Independent contractors and employees
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Who is an employee? Who is an independent contractor?
The Independent Contractors Act 2006 in conjunction with the Fair Work Act 2009 protect the rights and entitlements of independent contractors.
There are a number of factors which may contribute to determining the difference between an employee and independent contractor. However, it is important to note that no single indicator can determine if a person is a contractor or an employee. Each determination is based on the individual merits of the work arrangement in place. Courts always look at the totality of the relationship between the parties when determining the status of a person's employment.
There are some common indicators that may contribute to determining whether a person is an employee or independent contractor:
|Degree of control over how work is performed
||Performs work, under the direction and control of their employer, on an ongoing basis.
||Has a high level of control in how the work is done.
|Hours of work
||Generally works standard or set hours (note: a casual employee's hours may vary from week to week).
||Under agreement, decides what hours to work to complete the specific task.
|Expectation of work
||Usually has an ongoing expectation of work (note: some employees may be engaged for a specific task or specific period).
||Usually engaged for a specific task.
||Bears no financial risk (this is the responsibility of their employer).
||Bears the risk for making a profit or loss on each task. Usually bears responsibility and liability for poor work or injury sustained while performing the task. As such, contractors generally have their own insurance policy.
||Entitled to have superannuation contributions paid into a nominated superannuation fund by their employer.
||Pays their own superannuation (note: in some circumstances independent contractors may be entitled to be paid superannuation contributions).
|Tools and equipment
||Tools and equipment are generally provided by the employer, or a tool allowance is provided.
||Uses their own tools and equipment (note: alternative arrangements may be made within a contract for services).
||Has income tax deducted by their employer.
||Pays their own tax and GST to the Australian Taxation Office.
|Method of payment
||Paid regularly (for example, weekly/fortnightly/monthly).
||Has obtained an ABN and submits an invoice for work completed or is paid at the end of the contract or project.
||Entitled to receive paid leave (for example, annual leave, personal/carers' leave, long service leave) or receive a loading in lieu of leave entitlements in the case of casual employees.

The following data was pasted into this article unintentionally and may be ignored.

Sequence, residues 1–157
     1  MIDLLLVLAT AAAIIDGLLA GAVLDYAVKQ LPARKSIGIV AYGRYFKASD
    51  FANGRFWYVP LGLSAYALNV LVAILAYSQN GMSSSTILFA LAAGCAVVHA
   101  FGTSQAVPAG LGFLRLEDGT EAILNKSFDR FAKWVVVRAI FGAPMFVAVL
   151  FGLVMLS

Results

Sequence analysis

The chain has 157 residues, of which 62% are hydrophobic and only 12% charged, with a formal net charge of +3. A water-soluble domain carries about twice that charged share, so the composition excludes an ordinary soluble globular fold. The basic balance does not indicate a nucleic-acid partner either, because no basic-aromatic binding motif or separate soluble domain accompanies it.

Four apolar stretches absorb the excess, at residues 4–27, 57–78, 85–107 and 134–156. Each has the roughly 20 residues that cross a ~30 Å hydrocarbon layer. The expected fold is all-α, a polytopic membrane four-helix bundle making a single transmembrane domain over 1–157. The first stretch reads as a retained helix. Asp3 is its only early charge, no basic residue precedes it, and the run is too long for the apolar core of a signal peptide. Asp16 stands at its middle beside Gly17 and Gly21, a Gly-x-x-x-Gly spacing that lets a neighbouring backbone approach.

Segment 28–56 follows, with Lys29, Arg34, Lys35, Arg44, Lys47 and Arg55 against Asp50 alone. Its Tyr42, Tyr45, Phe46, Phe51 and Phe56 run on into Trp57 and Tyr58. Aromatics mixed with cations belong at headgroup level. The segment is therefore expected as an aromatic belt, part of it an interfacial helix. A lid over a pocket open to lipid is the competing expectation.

||Does not receive paid leave.
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How can the Fair Work Ombudsman help independent contractors and employees?
Fair Work Inspectors can investigate alleged sham contracting arrangements and prohibited conduct in relation to reform opt-in agreements.
Sham contracting arrangements
A sham contracting arrangement occurs where an employer attempts to disguise an employment relationship as an independent contracting arrangement. This is usually done for the purposes of avoiding responsibility for employee entitlements.
Under the sham contracting provisions of the Fair Work Act 2009, an employer cannot:
- misrepresent an employment relationship or a proposed employment arrangement as an independent contracting arrangement
- dismiss or threaten to dismiss an employee for the purpose of engaging them as an independent contractor
- make a knowingly false statement to persuade or influence an employee to become an independent contractor.
The Fair Work Act 2009 provides serious penalties for contraventions of these provisions. Employees and independent contractors can request assistance from the Fair Work Ombudsman if they feel their rights have been contravened.
Fair Work Inspectors can seek the imposition of penalties for contraventions of sham contracting arrangements and reform opt-in provisions. The courts may impose a maximum penalty of $12,600 for individuals and $63,000 for corporations, per contravention.
Fair Work Inspectors may also apply to the courts to grant an injunction or an interim injunction if an employer seeks (or threatens) to dismiss an employee for the purpose of engaging them as an independent contractor. The purpose of the injunction would be to prevent the dismissal from occurring, or otherwise remedy the effects. Courts can also make other orders to have the employee reinstated or compensated.
Some general protections provided under the Fair Work Act 2009 extend to independent contractors and their principals.
Independent contractors and principals are afforded limited workplace rights, and the right to engage in certain industrial activities. An independent contractor or principal is protected from adverse action by any person in relation to the decision to exercise or potentially exercise their rights under these provisions.
For more information on workplace rights, industrial activities, and what constitutes adverse action, please see the Protections at work fact sheet.
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Fair Work Online: www.fairwork.gov.au
Fair Work Infoline: 13 13 94
Need language help?
Contact the Translating and Interpreting Service (TIS) on 13 14 50
Hearing & speech assistance
Call through the National Relay Service (NRS):
- For TTY: 13 36 77. Ask for the Fair Work Infoline on 13 13 94
- Speak & listen: 1300 555 727. Ask for the Fair Work Infoline 13 13 94
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